Published onNeonatology Update
By Sara Handley, MD, MSCE, Attending Neonatologist and First Author of the Study
Our research team recently analyzed the birth volume and geographic distribution of obstetric hospitals across the United States and found that a plurality of those hospitals deliver fewer than 500 infants per year. We also found that nearly a fifth of low volume hospitals are more than 30 miles from another obstetric hospital, and more than half are in rural communities.
So much of what we know about birth and birth outcomes stems from big, busy academic hospitals, but the largest proportion of obstetric hospitals in the U.S. are just the opposite of that. The findings from this study, recently published in JAMA Network Open, document the variations in birth volume and hospital isolation across the United States and how those metrics vary depending on urban or rural locations. This research lays the groundwork for future research to improve birth outcomes for all babies, regardless of where they are delivered.
Nearly 4 million infants are born in the United States each year and, together with their mothers, account for 20% of hospitalizations. Prior research has shown that having access to hospitals that provide obstetric services leads to better outcomes for both infants and mothers, but historically there has been little documentation of the availability of obstetric hospitals across the country with respect to birth volume, geographic distribution across states, proximity to other obstetric hospitals, and rural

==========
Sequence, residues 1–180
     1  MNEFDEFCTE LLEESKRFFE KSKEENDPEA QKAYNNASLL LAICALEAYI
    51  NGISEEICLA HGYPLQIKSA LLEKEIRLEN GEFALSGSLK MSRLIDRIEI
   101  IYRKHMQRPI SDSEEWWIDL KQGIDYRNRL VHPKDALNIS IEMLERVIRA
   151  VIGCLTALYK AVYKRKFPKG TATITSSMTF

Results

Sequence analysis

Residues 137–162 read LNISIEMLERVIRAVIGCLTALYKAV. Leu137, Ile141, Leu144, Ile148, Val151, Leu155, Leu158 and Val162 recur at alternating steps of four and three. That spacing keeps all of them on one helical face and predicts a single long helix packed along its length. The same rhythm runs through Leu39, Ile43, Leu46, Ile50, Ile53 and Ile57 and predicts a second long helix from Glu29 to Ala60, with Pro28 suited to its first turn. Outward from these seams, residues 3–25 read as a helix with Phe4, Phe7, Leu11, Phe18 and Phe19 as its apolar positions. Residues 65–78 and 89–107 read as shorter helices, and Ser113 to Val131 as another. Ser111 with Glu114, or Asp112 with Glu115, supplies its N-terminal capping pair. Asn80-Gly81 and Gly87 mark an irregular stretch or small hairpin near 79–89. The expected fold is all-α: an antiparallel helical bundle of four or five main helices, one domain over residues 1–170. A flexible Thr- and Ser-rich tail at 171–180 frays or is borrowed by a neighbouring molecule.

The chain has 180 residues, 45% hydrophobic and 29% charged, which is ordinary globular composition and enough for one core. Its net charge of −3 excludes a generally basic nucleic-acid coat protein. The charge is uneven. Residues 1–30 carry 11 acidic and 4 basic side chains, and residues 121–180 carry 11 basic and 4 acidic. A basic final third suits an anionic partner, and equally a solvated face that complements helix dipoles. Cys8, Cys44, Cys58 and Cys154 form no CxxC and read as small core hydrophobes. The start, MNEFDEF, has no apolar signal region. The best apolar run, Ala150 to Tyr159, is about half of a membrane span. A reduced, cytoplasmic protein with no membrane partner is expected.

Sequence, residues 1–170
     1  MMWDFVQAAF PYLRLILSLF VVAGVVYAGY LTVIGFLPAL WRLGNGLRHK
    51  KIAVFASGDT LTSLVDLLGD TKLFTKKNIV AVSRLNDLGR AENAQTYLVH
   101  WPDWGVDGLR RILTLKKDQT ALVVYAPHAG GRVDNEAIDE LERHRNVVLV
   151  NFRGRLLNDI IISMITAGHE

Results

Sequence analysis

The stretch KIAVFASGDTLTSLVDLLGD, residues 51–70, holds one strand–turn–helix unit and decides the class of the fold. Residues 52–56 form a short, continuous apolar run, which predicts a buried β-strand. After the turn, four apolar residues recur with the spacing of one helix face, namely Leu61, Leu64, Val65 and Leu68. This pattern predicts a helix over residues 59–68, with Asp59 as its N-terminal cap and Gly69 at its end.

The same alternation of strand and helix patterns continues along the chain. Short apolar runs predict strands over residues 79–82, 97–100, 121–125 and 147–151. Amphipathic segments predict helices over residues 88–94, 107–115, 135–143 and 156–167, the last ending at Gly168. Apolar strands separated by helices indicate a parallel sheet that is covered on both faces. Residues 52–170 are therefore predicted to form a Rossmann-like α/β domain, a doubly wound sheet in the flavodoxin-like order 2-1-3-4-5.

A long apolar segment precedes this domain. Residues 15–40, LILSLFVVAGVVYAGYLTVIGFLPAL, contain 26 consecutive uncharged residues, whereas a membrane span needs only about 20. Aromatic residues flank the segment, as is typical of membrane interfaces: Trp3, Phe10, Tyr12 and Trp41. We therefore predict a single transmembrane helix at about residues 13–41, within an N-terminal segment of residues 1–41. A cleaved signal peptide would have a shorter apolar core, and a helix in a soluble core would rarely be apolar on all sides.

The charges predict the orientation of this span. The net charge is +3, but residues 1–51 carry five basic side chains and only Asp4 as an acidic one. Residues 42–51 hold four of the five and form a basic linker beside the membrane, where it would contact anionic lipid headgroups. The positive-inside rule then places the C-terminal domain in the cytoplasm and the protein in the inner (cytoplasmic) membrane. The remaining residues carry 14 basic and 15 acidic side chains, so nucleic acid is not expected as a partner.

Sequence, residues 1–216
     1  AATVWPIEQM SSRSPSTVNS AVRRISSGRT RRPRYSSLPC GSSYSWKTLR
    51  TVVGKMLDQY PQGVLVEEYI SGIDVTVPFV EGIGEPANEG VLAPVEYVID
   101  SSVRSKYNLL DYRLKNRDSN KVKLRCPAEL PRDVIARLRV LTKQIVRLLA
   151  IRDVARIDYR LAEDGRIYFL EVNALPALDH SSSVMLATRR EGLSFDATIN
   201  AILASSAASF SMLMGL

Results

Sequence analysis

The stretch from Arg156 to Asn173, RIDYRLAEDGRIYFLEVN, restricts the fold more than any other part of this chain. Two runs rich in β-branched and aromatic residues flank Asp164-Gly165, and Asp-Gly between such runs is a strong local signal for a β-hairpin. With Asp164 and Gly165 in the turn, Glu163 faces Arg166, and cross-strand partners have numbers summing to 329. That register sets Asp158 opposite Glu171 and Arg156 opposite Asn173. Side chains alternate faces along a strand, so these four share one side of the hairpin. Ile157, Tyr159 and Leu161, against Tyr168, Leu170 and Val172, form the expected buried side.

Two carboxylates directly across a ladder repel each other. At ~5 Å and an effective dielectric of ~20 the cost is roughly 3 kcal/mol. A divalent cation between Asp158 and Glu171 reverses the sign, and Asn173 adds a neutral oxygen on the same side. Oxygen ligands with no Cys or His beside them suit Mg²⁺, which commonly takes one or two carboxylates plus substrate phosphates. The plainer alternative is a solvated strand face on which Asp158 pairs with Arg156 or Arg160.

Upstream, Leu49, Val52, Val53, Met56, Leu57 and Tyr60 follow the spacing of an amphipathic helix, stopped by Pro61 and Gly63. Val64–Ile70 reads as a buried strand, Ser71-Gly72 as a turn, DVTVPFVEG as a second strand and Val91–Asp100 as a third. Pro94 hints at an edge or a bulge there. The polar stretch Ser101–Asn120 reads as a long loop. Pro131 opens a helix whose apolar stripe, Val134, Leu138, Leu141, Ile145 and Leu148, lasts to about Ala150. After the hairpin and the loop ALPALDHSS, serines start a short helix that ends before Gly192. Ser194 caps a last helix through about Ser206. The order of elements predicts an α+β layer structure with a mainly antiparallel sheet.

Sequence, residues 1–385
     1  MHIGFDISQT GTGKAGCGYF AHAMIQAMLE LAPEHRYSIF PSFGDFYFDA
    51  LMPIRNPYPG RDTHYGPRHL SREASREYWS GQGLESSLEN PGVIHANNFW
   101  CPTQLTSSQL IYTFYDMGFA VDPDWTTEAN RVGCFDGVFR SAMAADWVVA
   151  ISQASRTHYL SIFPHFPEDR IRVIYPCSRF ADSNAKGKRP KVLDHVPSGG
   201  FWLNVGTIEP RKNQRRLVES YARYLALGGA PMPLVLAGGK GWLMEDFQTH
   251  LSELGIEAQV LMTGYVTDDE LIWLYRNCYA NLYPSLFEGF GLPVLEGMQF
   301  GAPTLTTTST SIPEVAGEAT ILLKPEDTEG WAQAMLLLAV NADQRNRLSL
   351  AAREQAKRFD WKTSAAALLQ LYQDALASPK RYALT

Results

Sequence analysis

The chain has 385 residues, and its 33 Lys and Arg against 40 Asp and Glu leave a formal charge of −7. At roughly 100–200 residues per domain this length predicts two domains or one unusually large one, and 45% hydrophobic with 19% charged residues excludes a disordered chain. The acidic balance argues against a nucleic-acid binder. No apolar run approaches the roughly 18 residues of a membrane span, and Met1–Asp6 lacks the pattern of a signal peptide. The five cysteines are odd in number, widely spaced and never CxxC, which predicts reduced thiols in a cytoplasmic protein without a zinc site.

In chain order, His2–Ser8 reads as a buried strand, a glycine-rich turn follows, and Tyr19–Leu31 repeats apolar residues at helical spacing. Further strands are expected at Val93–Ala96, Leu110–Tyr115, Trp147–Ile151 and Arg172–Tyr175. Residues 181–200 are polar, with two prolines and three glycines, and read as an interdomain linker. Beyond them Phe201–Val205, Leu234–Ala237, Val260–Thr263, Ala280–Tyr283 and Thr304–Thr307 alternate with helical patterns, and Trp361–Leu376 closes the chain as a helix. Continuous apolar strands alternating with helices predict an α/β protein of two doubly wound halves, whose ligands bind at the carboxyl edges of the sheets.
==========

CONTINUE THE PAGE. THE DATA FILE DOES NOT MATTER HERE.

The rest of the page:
or urban status.
To determine the makeup of U.S. obstetric hospitals, we analyzed data from the American Hospital Association (AHA) Annual Survey of Hospitals and the Centers for Medicare and Medicaid Services (CMS) data from 2010 to 2018, selecting hospitals with obstetric services that delivered more than 10 babies per year. Taken together, the data provided information about more than 34 million births over the study period.
We found that most infants (56.8%) were born at high-volume hospitals that deliver more than 2,000 babies per year, while only 7.4% were born at so-called low-volume hospitals delivering between 10 and 500 babies per year. However, when analyzing obstetric hospitals, our researchers found that low-volume hospitals made up the greatest share of obstetric hospitals across the country (37.4%)—that is to say, while most babies are born at high-volume hospitals, there are fewer of those hospitals nationally than there are low-volume hospitals.
Among low-volume hospitals, 18.9% were not within 30 miles of any other obstetric hospital, a situation the researchers labeled as “isolated.” Among isolated low-volume obstetric hospitals, 58.4% were in rural areas. Although some larger volume hospitals were also isolated, those hospitals tended to be in small metropolitan areas.
We know that access to obstetric care leads to better outcomes, and prior studies have also shown better outcomes at higher volume hospitals. Given this, our study is particularly informative when considering approaches to improve perinatal care delivery and associated policies in all communities, regardless of size and location.
The research team also included members from the University of Minnesota and Stanford University. The study was supported by the National Institutes of Health (grants 5R01HD099197 and K23HD084727).
Handley et al. Birth Volume and Geographic Distribution of United States Hospitals with Obstetric Services, 2010-2018. [Published online ahead of print, Oct. 8, 2021] JAMA Network Open.